If you have debt, you might be ashamed of looking at it each month, or you’re making the same monthly payment without thinking about it. However, the interest on your debt might be at a high rate that’s making your debt grow larger and larger. Experts recommend spending 10 minutes to review your debt terms and see if there’s an opportunity to refinance to get a lower interest rate so you’re potentially paying less each month.

Making Investments Based on Emotion

Emotions can have a powerful hold on us, but it’s important to leave them at the door when it comes to business. “Investing is emotional given the fact that money is at stake, but investors must control those emotions and aim to act on reason and rationality,” said Jason Dall’Acqua, CFP(r) and president of Crest Wealth Advisors. “Unfortunately, people tend to make investment decisions that are against their own best interests strictly for emotional reasons. The most common example is chasing trends, which results in buying high or being panic-stricken during a market decline, which results in selling low. These decisions can have a significant negative impact on long-term investment returns.”

Viewing Your Home as a Piggy Bank

Your house is a huge asset of yours, but it shouldn’t be used as a constant source of cash. “Too often, people take home equity loans when wanting to finance different objectives like purchasing a new car, making home improvements, paying off credit card debt or taking a vacation,” said Robert R. Johnson, Ph.D., CFA and professor of finance at the Heider College of Business, Creighton University. “They constantly deplete the equity they have built up in their home and are unable to build true wealth.”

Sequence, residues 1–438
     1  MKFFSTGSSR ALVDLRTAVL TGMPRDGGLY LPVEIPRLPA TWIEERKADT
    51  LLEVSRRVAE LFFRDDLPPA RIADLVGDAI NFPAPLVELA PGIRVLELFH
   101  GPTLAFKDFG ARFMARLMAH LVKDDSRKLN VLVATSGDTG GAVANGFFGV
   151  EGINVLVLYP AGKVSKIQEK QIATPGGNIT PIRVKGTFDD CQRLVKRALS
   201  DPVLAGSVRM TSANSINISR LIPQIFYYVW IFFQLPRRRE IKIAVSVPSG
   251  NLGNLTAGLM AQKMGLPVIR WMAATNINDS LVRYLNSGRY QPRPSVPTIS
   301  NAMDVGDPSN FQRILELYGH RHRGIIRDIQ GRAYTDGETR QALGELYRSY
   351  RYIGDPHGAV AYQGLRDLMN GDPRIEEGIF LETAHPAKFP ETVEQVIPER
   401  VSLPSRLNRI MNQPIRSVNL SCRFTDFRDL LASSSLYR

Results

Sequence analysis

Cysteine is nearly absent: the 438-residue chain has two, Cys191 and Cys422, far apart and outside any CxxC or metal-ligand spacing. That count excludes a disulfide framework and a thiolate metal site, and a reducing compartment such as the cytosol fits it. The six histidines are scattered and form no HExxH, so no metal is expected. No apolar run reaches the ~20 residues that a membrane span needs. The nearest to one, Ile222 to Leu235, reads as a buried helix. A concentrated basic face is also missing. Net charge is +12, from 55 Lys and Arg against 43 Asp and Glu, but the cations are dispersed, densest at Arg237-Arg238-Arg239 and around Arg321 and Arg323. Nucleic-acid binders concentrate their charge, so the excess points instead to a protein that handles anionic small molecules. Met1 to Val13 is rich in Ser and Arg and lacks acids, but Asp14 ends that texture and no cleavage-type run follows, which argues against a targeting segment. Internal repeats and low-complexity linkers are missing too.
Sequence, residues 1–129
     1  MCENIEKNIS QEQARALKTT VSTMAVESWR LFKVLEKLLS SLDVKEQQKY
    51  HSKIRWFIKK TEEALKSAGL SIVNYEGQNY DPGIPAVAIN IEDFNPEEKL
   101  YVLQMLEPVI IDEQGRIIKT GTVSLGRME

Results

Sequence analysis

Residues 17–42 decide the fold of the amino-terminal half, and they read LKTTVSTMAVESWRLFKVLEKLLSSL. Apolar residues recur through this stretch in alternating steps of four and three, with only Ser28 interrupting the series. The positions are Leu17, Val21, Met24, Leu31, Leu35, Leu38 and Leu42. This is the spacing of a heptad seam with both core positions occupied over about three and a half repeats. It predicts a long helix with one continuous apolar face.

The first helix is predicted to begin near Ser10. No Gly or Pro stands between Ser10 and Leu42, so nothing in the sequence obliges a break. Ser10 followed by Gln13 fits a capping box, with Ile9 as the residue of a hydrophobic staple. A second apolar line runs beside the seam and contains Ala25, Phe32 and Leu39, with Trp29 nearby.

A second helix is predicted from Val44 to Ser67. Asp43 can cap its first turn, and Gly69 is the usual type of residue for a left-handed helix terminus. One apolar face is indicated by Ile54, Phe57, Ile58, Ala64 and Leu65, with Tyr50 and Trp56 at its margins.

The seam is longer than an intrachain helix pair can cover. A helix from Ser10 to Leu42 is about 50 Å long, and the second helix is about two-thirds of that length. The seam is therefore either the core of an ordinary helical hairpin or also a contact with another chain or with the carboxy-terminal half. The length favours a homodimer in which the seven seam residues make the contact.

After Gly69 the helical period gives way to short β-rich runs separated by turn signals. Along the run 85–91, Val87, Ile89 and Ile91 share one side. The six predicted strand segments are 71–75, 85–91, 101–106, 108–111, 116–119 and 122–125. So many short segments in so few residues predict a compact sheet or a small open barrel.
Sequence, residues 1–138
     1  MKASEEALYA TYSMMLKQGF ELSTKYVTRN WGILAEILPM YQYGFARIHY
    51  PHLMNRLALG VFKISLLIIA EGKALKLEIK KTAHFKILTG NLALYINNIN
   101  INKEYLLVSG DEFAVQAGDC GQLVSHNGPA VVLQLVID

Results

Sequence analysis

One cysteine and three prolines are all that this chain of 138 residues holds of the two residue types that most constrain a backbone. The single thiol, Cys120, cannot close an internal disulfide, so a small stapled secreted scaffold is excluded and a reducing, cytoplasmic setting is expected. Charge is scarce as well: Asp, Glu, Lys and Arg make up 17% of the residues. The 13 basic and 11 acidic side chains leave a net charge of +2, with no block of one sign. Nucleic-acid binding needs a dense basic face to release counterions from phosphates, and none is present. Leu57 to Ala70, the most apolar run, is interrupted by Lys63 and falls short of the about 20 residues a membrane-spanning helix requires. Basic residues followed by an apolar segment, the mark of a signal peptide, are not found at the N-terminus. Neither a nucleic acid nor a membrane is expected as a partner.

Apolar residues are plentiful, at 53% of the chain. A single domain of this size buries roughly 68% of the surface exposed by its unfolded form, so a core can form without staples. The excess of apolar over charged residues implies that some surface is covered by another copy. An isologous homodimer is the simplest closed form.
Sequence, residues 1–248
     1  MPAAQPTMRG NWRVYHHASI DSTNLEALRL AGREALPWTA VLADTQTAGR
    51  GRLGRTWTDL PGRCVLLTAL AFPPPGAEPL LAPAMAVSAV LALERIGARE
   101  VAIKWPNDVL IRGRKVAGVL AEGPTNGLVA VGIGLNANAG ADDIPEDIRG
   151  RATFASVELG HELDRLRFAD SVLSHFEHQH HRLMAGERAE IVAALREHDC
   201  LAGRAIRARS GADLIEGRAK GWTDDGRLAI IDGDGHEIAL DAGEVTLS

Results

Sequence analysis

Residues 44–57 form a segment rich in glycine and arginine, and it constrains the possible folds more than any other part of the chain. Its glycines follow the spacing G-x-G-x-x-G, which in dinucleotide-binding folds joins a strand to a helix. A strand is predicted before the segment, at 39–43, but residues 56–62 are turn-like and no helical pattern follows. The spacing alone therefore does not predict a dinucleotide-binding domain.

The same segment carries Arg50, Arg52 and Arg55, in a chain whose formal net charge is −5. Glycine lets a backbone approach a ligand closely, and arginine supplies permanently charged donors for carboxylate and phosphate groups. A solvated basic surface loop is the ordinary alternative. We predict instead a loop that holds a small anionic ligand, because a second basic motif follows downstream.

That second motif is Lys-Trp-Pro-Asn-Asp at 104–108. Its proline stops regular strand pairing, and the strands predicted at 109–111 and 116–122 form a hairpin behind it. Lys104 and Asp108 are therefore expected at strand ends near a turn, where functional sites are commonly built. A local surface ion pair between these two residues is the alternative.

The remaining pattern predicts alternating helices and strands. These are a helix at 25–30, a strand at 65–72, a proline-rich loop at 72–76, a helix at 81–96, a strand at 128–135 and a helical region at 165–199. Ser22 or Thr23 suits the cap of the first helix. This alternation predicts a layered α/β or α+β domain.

Holding Unprofitable Investments

There is no point in making investments simply just to have investments. Make sure the investment is actually paying off before you start sinking money into it. “One of the biggest wealth-depleting mistakes I see is people buying and holding investment properties that lose money or barely break even for the appreciation,” said Cynthia Meyer, CFA(r), CFP(r), ChFC(r) with Real Life Planning. “The point of owning rental property is to earn net rents after expenses. If it costs you more every month to carry the investment than the net rent received, it’s not profitable – and those accumulated losses may offset or exceed any potential price appreciation. What I always tell clients is that cash flow is the cake and appreciation is the frosting. You don’t just eat frosting. You want cake with frosting.”

Neglecting To Contribute to Retirement Savings